Vivetta Ponti knows that to talk about Lolita, today more than ever, she has to arm herself with irony. For the complicated world where the young women who might wear her clothes live, that cute, graceful, and naive style might seem outdated without a touch of surrealism. Surrealism it is, then. “From the hand-neck blouse onward, I do not tire of playful femininity,” said the designer.
The garment Ponti referred to has become a kind of icon of her style, something every creative aspires to, especially in the early days. Here, the classic collar was transformed into two hands with lacquered nails in the gesture of fastening the first button. “I always repurpose it, obviously, with different cuts and variations,” she said. Built around that classic, her collection was dedicated to violets, early spring flowers, crafted from die-cut fabric and applied to skirts that followed the construction of classic mini models with pockets, but made of powder-colored chiffon. Then there was the “shirt that escapes,” as the designer called it, in poplin with chiffon inserts creating a breakaway effect on the sleeves. There were also skirts printed with the file name of the image sent in for processing, as well as a gigantic handbag and a wide-brimmed hat with laser-cut eye holes.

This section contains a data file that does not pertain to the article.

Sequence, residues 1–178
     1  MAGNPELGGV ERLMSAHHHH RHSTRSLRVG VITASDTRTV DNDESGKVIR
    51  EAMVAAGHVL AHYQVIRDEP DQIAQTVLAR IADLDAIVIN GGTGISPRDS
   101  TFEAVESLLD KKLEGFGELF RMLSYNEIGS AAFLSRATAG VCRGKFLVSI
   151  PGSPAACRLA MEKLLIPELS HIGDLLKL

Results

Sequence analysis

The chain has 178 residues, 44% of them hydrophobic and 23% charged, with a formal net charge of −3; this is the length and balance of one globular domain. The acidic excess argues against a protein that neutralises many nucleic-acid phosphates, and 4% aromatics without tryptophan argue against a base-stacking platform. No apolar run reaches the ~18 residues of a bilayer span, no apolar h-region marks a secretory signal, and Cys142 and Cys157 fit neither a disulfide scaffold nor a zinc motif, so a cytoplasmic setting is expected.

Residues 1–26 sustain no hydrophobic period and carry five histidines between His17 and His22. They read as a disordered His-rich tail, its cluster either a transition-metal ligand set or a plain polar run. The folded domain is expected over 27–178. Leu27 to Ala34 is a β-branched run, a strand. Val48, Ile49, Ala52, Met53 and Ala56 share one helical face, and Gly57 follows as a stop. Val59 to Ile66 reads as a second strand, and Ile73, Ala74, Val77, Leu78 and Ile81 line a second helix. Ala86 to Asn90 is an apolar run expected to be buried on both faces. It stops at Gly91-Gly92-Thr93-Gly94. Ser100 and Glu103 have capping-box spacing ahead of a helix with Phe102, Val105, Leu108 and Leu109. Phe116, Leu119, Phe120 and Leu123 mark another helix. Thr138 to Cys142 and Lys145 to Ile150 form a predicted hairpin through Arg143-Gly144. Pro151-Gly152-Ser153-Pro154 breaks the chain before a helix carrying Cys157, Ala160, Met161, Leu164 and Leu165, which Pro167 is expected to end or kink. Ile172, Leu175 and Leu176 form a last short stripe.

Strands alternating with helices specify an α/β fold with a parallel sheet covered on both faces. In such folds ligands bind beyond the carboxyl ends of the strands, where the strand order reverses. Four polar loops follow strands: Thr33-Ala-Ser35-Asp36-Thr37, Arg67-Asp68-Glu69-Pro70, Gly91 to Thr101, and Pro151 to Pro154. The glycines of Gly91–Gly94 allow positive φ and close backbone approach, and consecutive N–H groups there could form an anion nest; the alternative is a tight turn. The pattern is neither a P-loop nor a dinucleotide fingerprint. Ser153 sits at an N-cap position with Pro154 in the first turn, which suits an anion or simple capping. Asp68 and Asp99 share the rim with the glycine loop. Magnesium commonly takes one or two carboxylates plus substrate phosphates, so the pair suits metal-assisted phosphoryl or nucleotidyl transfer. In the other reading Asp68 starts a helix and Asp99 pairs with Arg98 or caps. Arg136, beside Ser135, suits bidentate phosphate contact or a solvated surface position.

Hearts were everywhere: fluttering on the front of microscopic skirts, acting as pasties on micro bras, playing peekaboo on a midriff-baring shirt. You could see the influence of the Y2K aesthetic in low-waist jeans (often studded with crystals) and shoes that looked like candy. The show was staged in a bare, industrial space to emphasize a move away from the cliché of hyperfemininity. And to seek the evolution of that iconic collar.